Thinking of my family ancestor Rasul, my mother’s brother. I feel his spirit with me today guiding me. Rasul was an amazing thought leader in New York and one of my first mentors. He gave me a small booklet over 20 years ago by Alice Steadman…“Who’s the Matter With Me.” So often when we are troubled, we ask ourselves…or other people ask us…”WHAT is the matter with you.?” You can be terribly sick and off balance from your past or present relationships with people who are; toxic, manipulative, immature, selfish, messy, greedy, abusive, controlling, overly critical, insecure, secretive, ungrateful, deceitful, and narcissistic. Your silence, long suffering, shame, rejection, resentment, abuse, mixed feelings, guilt, lack of boundaries, and trauma can literally make you sick. WHO is the matter with you my friend?
- The emotion of resentment can become familiar, addictive, and justified while it paralyzes you. Heal and free yourself and others. Your pain can become your purpose /profession/ministry. The more you share your pain, testimony, faith, and story… it lessens the pain. If you have resentment about the burden of caregiving for a loved one, an unhappy childhood, a messy divorce, loss of a job, or sibling rivalry…write about it, journal, make a movie, write a play, start a discussion group, teach about, dance it out, discover some positive therapeutic and creative ways to express and release your pain.
- Re-visiting old pain and disappointments can lock you into thinking you are not worthy. My coaching/counseling approach supports others to discover their voice and discover their worth in the rumble of shame, hurt, betrayal, and grudges.
- Become aware when you are ruminating (constantly chewing on the same issue), re-visiting the scene of the crime, and wondering “why” it happened. Notice what triggers you to take that trip down memory lane. Become aware of your habits to soothe your pain or stirs up agitation instead of seeking peace, solutions, and healing.
- In most cases, the person who hurt you has no idea about the depth of your pain and shame. They may never be aware or accountable for their part in your injury. Sometimes when you confront the one who hurt you, they will try to turn it around and act like they are the victim. You may never hear “I’m sorry.” Your intention and focus can be to move forward knowing that your pain may never be confirmed by the abuser. It’s a mystery. Yes, it’s unfair…but it happens.
- Acknowledge that you cannot control those who have rejected you. Remember Maya Angelou’s famous quote, “When somebody shows you who they are…believe it.” Sometimes you may be the closest target for someone acting out their pain, dysfunction, insecurities, anger issues, and lack of maturity.
- Begin to create and desire a new normal. It happened, now you can vow to start a new chapter in your book of life. That chapter is a part of your story…however, you can write a new chapter.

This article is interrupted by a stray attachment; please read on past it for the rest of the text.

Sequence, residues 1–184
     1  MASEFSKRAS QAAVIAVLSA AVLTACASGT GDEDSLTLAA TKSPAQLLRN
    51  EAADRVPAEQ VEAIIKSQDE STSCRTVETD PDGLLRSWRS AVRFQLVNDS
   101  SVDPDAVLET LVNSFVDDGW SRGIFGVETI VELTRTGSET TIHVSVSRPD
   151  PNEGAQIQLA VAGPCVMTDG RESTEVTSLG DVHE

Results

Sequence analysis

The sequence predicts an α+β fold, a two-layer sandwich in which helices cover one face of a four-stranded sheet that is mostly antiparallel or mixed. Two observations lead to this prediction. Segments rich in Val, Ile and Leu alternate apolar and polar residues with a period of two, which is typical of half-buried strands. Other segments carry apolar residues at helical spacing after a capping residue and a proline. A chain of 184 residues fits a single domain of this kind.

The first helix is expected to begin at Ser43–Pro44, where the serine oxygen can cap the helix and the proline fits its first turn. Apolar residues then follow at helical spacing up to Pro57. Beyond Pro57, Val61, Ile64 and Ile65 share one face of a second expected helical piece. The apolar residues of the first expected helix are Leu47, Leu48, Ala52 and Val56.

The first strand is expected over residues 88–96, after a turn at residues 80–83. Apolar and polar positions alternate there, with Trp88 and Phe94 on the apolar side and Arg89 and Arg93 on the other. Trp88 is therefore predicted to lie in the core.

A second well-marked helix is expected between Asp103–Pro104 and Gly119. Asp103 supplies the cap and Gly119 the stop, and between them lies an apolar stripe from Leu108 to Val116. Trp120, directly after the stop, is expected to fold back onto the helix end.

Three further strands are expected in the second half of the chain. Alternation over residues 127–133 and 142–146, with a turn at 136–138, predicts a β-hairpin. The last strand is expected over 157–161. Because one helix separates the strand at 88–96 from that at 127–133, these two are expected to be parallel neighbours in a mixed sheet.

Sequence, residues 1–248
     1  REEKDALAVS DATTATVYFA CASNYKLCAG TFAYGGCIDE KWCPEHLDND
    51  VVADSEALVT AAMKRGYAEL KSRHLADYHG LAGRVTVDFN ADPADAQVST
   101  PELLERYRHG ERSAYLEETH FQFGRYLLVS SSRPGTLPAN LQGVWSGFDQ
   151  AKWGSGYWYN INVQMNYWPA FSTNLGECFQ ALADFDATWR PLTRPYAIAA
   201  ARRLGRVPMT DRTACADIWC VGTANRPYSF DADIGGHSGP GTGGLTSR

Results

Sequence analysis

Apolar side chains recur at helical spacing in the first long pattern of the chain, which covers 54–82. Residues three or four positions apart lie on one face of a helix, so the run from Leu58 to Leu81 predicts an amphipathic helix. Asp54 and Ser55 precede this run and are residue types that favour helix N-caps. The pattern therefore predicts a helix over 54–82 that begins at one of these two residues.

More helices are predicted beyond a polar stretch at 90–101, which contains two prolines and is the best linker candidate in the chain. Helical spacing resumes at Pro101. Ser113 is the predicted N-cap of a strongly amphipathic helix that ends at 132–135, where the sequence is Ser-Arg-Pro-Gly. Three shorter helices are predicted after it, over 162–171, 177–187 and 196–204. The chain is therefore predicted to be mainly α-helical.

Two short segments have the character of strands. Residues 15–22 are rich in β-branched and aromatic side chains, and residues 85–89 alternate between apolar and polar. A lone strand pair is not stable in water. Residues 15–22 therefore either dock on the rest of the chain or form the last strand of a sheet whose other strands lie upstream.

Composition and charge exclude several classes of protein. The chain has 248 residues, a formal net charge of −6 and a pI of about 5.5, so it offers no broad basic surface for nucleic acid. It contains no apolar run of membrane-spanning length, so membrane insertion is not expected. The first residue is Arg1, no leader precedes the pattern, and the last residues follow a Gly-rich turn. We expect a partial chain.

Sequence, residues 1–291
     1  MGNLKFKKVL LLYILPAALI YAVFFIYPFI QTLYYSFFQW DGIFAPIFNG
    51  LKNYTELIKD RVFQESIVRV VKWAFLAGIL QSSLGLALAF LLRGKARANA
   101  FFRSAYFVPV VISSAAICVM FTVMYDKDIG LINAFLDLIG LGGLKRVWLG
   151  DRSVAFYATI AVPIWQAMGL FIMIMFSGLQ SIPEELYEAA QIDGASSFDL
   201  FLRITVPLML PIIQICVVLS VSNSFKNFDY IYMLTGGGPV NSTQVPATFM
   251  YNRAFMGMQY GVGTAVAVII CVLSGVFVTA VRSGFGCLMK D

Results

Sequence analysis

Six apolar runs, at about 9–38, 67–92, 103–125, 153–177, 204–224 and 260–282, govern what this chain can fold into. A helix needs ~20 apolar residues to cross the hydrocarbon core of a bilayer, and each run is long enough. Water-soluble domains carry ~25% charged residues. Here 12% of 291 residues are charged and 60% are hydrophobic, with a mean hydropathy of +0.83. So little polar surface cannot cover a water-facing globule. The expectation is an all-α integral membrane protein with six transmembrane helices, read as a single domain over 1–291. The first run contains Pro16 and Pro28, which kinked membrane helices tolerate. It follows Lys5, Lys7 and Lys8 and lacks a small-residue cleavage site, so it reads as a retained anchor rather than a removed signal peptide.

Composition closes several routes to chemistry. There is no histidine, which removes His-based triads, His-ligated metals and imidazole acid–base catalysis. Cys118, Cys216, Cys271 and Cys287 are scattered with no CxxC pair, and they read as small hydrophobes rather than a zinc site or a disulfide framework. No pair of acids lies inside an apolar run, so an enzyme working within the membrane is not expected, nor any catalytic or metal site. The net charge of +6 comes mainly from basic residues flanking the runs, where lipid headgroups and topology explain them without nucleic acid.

- Become aware of 7 emotional traps that can trigger your resentment; 1) financial stress, 2) watching other’s who you perceive to have a better life, 3) a major change in your life, 4) loneliness/isolation, 5) exhaustion, 6) burnout in your faith and trust in God, and 7) a new injury of rejection, loss, disappointment or betrayal. These are 7 dangerous triggers…call me for your one-on-one session 323.964./1736.
- The more you tell your story…the less the power that painful experience has over you. Holding in resentment, secrets, anger, and shame are corrosive to your physical/mental health and soul.
- Some pain is self-inflicted. Some pain happened because; I ignored the red flags, I had unspoken expectations, I found it difficult to let go, my heart wasn’t guarded, my eyes weren’t open or I expected someone to treat me the way I treat others. Acknowledge your part in allowing, suppressing, not speaking up, excusing, or diminishing the abuse to occur, forgive yourself for that, and make a decision to not let it occur again.
10. Pray for the mindset and courage to begin the PROCESS of forgiving when you can which is actually a gift for yourself. Think about using the term “letting go” instead of forgiveness. Untie yourself from the pain and your expectations. Letting go doesn’t mean the person who hurt you is free from the consequences. You are free. Letting go is a decision to free yourself from the painful past. It is a choice. Finding relief from your own pain is a process. Resentment hurts you far more than the person toward whom you bear a grudge. Forgiveness does not come naturally. In fact, it is supernatural. It is God’s way—His idea.
One day you will wake up and find yourself thinking differently about the one who hurt you. You may never like or trust this person, but the intensity of your hurt will diminish. One day you will find yourself praying for your offender. Soon you will realize you are free. Forgiveness is the road to freedom. But it makes little sense unless seen in the context of Christ’s forgiveness toward you. Refuse to be a victim. Cancel the debt. Move on with your life. Allow God to be the justice maker.
As a life coach/counselor/talk therapist, aka The Self-esteem Dr., I provide therapeutic insights and self-soothing techniques, and you’ll discover powerful skills to positively transform your perspective and unearth lessons from your experiences so that you may begin to heal and exhale. You’ll be able to move forward reclaiming your wounded self and feel liberated and lighter with self-awareness, acceptance, hope, health, peace, and faith in our Most High God.”
Written by The Self-esteem Dr. Jewel Diamond Taylor, author, keynote speaker, life coach, and founder of Women on the Grow.
email – Jewelmotivates@gmail.com
call – 323.964.1736